There's been some interesting discussion at PEA Soup recently about the Actualism-Possibilism dispute. A key issue here concerns when agents are allowed to treat their own dispositions as "fixed" for the purposes of deliberation. As Sergio Tenenbaum puts it, after noting that he would want and advise the deliberating agent to do other than what possibilism obliges him to do, "I can take the facts about what he’ll do as settled while giving advice, in a way that he can’t while deliberating."
While there is a truth in this vicinity -- we certainly can't take as settled the outcome of our present deliberation -- I think Tenenbaum's extension of this principle to future behaviour is importantly mistaken. What we should hold fixed during deliberation depends not on the identities of anyone involved (e.g. treating my own behaviour as open but others as fixed), but just on what results are actually "open" possibilities depending on the outcome of my present deliberation. If the outcome of my present deliberation will affect whether or not you φ, then I should not treat your φ-ing as fixed. And if my present deliberation cannot affect whether I will later ψ, then I should treat my later ψ-ing as fixed (for the purposes of my present deliberation). Basically, I should consider all of the options currently available to me -- all of the effective intentions I can now form -- and pick the one that will actually lead to the best outcomes.
Why do possibilists deny this? One possibility is that they are misunderstanding the relevant cases. The cases where possibilism and actualism diverge in their recommendations are ones where the agent has no present deliberative control over their future behaviour. And this is really weird. I can't realistically imagine being so completely unable to affect my future behaviour. Realistically, if I (now) really want to do something in future, I'll form an intention to do it, and then when the time comes I'll follow through on that intention. (Insofar as I'm weak-willed, I just can't bring myself to actually form a committed intention to do the difficult thing in the first place. But if I formed the intention, I'm very confident that I would subsequently follow through.) To be unable to do this, no matter how strongly you presently wish to, you must be lacking a very basic agential capacity. Your future self is, in this respect, like a different person -- someone whose decisions you (your momentary self) have no direct control over.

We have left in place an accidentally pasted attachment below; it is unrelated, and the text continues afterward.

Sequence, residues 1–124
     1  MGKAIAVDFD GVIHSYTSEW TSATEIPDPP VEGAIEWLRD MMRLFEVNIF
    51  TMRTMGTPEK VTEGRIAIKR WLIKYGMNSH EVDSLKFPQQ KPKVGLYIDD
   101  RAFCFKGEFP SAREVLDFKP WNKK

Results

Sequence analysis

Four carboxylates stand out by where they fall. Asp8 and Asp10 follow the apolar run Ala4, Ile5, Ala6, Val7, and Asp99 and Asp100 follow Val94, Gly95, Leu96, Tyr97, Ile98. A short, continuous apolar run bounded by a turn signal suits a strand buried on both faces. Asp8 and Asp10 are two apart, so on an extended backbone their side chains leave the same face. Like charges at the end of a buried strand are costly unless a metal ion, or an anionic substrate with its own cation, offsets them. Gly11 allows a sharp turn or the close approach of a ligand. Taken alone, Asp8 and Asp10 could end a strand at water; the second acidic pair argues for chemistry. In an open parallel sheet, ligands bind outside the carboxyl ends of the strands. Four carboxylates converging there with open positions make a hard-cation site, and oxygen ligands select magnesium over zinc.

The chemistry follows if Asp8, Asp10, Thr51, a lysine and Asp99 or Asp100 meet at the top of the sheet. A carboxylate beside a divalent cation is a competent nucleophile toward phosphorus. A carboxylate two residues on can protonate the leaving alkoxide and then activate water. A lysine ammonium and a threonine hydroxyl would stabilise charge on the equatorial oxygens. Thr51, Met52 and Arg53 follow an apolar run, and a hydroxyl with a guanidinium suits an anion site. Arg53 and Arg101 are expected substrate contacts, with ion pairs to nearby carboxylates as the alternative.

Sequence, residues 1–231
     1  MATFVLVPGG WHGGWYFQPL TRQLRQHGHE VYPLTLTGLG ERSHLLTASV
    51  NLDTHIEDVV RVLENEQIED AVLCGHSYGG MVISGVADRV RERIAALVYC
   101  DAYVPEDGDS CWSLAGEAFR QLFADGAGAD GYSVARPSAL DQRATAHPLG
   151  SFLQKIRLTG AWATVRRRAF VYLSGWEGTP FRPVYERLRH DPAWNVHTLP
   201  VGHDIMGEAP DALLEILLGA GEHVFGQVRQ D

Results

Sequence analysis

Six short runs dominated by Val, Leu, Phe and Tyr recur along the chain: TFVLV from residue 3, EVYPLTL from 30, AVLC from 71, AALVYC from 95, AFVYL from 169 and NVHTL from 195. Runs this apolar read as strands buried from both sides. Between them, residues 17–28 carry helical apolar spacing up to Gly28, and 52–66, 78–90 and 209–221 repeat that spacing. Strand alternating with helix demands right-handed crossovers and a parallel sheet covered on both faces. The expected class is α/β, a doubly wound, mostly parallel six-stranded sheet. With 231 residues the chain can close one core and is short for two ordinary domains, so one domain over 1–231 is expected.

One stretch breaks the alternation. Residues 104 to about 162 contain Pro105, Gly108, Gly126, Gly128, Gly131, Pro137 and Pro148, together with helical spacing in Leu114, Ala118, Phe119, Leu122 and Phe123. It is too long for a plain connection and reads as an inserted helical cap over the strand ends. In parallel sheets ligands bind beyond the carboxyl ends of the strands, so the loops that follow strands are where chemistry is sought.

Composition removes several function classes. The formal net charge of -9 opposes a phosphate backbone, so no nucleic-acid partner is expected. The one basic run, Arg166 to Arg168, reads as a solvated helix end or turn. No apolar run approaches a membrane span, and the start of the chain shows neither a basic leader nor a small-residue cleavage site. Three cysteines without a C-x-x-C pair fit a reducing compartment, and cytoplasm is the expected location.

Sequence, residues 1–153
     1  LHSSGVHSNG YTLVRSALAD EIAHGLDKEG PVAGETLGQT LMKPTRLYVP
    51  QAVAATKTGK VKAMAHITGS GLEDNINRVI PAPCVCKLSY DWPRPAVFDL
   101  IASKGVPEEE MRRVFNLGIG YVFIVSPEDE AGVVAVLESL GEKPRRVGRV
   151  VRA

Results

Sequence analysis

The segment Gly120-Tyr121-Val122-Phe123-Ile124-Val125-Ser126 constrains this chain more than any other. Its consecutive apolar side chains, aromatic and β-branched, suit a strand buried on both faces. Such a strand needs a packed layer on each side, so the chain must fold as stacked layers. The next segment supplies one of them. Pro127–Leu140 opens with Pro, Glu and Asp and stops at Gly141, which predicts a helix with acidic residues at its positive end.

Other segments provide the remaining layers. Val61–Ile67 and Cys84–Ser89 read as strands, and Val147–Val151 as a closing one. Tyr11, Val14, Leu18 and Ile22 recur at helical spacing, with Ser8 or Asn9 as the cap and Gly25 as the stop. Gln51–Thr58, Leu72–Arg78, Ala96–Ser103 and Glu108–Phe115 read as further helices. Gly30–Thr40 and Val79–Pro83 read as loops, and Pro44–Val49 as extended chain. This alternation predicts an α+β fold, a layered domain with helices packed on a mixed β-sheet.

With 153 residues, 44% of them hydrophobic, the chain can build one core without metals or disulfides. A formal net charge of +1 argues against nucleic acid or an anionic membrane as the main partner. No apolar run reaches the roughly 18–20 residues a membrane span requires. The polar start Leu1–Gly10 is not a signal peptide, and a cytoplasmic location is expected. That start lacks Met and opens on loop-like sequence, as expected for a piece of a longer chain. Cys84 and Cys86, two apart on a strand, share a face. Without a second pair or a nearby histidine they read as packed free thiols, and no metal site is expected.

Given how weird this is, it's natural to initially interpret the relevant thought experiments as ones where the present self just doesn't care enough to form an effective intention. If lives are at stake (as in some of these cases), then of course such an agent acts wrongly. But the actualist can agree here: If the agent could now form an effective intention to help later, then of course that's what they should do! That's an option presently available to them, and it's the best option, so they should do it. No disagreement here.
The only disagreement arises if we imagine a bizarro case where no matter how strongly the agent presently tries to commit themselves, their future behaviour is unaffected. If this is a fact, and the agent knows it, then how is it not simply delusional to ask them to treat as "open" in their present deliberation something that is actually fixed independently of their deliberation? (Especially if this will predictably lead to disaster...)
Agents must, while deliberating, treat the outcome of their present deliberation as open. That much is common ground. The question is how they should (presently) treat outcomes of their future deliberations, when those future deliberations (and subsequent behaviours) are in no way causally responsive to their present deliberation. Actualism is grounded in reality: it tells us to treat as deliberatively open just those things that really are open (depending on the outcome of our present deliberation). Possibilism tells us to engage in magical thinking -- to treat as open in our present deliberations even things that are not, so long as they will, later, be open possibilities for the purposes of some future deliberation. That is not a sensible view.
For more posts on the Actualism-Possibilism dispute, see:
- Ignoring Reality Ain't So Ideal Either (introductory)
- The Stakes of the Actualism-Possibilism Dispute (why Wedgwood's putative objection to "Actualism" is actually just an objection to an unimportant side-issue in Jackson & Pargetter's paper, not to their actualism per se)
- Portmore on Possibilism (and why actualism doesn't allow agents to "pander to their own vices")
- Actualism and Complex Actions (in which I convince Doug Portmore to reject possibilism, based on the argument that agents objectively ought not to have intentions that will prove ineffective)